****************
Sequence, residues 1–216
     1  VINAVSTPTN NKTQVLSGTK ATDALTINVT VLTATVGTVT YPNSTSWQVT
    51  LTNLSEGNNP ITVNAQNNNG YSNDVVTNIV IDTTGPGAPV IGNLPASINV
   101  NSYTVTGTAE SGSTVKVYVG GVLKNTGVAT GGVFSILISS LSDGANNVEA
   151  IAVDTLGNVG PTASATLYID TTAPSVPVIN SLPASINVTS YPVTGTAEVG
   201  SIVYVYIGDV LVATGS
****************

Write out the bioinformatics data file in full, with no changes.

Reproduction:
Sequence, residues 1–216
     1  VINAVSTPTN NKTQVLSGTK ATDALTINVT VLTATVGTVT YPNSTSWQVT
    51  LTNLSEGNNP ITVNAQNNNG YSNDVVTNIV IDTTGPGAPV IGNLPASINV
   101  NSYTVTGTAE SGSTVKVYVG GVLKNTGVAT GGVFSILISS LSDGANNVEA
   151  IAVDTLGNVG PTASATLYID TTAPSVPVIN SLPASINVTS YPVTGTAEVG
   201  SIVYVYIGDV LVATGS